Volume 41, Issue 3 (May 1996)
Continuous River Monitoring of the Diatoms in the Diagnosis of Drowning
The diagnosis of drowning is one of the most difficult in forensic pathology. Diatom analysis has been proposed to provide supportive evidence of drowning but the reliability and applicability of quantitative and qualitative diatom analysis in the diagnosis of drowning is still disputed in the literature. In order to further examine such cases, the authors report the development of a water monitoring system based on algae performed each month at three aquatic locations where drowning victims are frequently found. Water samples and stones were taken from the surface and from the bed of the river. This protocol was performed during 1993 with analyses both on water samples and human tissue samples (30 bodies). The diatom profile of the drowning sites was compared with the tissue analysis. The extraction of diatoms from the tissues was performed with an enzymatic digestion method using Proteinase K.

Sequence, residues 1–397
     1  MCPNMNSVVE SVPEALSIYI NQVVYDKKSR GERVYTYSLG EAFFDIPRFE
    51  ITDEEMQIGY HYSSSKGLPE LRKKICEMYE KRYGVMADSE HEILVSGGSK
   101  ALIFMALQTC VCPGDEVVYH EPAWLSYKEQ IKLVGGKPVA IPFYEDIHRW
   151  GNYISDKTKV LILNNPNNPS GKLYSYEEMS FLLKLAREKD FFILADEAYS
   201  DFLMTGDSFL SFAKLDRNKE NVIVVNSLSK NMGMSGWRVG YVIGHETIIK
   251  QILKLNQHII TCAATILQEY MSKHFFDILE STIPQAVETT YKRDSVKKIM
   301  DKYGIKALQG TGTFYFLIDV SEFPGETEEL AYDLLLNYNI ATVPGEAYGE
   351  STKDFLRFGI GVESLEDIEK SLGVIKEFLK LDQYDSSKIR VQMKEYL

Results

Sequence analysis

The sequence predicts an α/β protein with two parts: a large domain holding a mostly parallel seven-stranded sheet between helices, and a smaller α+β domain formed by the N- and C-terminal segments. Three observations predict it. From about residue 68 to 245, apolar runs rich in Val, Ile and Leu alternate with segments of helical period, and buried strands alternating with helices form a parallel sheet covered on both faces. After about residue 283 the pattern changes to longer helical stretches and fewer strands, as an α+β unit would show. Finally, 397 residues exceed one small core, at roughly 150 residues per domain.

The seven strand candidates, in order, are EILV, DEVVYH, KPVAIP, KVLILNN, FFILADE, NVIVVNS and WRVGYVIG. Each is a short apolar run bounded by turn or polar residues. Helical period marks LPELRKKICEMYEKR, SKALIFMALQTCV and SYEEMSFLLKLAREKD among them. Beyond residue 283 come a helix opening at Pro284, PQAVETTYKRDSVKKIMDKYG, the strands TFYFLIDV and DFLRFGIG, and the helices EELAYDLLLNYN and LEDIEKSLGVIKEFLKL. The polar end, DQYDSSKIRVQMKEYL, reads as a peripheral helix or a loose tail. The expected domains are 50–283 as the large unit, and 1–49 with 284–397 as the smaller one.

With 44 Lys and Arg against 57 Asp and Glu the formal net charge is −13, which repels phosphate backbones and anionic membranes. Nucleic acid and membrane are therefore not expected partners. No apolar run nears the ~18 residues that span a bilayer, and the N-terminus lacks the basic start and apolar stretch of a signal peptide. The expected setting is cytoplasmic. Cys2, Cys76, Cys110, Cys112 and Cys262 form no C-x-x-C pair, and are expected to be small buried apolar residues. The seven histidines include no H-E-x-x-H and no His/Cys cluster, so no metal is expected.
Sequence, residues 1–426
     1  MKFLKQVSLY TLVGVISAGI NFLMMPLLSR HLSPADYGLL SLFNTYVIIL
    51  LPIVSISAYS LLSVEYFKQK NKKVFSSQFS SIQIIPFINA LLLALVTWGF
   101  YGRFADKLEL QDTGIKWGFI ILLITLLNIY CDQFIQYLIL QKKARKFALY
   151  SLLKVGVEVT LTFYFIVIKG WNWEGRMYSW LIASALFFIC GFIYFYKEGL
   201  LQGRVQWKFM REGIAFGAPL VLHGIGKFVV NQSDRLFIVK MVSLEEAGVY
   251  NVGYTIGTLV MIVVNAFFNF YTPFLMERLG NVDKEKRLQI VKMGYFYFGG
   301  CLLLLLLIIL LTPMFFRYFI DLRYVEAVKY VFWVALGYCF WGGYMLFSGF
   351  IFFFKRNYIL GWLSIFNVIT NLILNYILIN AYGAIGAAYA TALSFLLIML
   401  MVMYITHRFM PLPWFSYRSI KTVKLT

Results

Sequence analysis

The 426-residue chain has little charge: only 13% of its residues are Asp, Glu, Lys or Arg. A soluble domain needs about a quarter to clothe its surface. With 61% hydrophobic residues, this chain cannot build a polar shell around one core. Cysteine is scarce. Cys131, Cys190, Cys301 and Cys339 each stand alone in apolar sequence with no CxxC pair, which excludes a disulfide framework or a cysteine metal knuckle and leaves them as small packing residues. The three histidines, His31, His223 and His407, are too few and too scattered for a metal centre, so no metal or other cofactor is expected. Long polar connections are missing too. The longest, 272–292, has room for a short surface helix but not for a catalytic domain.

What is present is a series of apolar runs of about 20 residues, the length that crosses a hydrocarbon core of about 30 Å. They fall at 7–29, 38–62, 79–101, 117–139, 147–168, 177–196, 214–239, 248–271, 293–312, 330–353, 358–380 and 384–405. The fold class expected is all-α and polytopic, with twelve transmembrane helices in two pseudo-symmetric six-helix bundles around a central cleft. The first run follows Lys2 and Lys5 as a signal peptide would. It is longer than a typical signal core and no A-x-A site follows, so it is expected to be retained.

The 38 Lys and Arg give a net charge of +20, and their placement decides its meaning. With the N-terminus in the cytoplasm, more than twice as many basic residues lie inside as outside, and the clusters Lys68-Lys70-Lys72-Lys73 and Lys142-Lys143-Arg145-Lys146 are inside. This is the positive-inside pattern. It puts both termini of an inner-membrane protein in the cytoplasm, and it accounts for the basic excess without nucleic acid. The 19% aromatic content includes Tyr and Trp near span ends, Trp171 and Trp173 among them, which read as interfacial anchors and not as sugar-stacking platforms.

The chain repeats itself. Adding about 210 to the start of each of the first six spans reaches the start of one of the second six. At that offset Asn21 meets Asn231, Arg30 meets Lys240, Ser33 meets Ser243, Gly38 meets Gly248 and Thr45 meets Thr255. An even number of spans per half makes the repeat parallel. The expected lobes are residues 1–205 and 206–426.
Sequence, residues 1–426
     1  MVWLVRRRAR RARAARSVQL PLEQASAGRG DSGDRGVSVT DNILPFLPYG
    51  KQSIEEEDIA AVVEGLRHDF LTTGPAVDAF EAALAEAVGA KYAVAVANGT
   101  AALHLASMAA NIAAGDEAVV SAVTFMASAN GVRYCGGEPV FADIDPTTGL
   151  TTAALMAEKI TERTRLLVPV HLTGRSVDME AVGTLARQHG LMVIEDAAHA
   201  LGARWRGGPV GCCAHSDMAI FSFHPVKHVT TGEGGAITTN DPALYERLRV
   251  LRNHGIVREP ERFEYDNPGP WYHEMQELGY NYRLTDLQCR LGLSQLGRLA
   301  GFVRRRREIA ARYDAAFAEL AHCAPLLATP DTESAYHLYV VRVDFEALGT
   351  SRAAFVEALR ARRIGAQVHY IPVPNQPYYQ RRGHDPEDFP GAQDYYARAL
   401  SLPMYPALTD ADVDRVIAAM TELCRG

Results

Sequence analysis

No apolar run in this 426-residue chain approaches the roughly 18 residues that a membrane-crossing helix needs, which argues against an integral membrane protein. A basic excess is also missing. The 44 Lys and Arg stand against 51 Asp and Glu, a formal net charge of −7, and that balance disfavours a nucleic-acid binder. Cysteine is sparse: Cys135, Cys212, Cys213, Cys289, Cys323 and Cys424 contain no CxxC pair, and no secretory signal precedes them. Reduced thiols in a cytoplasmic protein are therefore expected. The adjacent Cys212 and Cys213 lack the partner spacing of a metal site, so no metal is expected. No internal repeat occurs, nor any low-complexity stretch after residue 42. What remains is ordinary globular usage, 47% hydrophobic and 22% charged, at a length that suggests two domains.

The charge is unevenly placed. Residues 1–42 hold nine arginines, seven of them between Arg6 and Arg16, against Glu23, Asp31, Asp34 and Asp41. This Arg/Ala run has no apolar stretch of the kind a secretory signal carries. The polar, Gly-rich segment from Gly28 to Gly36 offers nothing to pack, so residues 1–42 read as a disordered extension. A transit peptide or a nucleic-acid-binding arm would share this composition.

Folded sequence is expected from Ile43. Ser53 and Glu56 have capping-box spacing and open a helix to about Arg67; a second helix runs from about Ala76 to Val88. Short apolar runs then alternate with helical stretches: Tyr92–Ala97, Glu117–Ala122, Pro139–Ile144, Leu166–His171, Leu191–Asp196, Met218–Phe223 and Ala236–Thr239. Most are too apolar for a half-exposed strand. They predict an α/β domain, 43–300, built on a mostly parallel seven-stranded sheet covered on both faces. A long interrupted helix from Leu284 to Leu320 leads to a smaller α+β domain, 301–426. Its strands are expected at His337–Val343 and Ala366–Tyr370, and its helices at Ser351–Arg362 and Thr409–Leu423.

Results indicate that the monitoring of river diatom populations is an accurate method of generating profiles of the river flora, which can then be compared with the diatom genera found in tissues.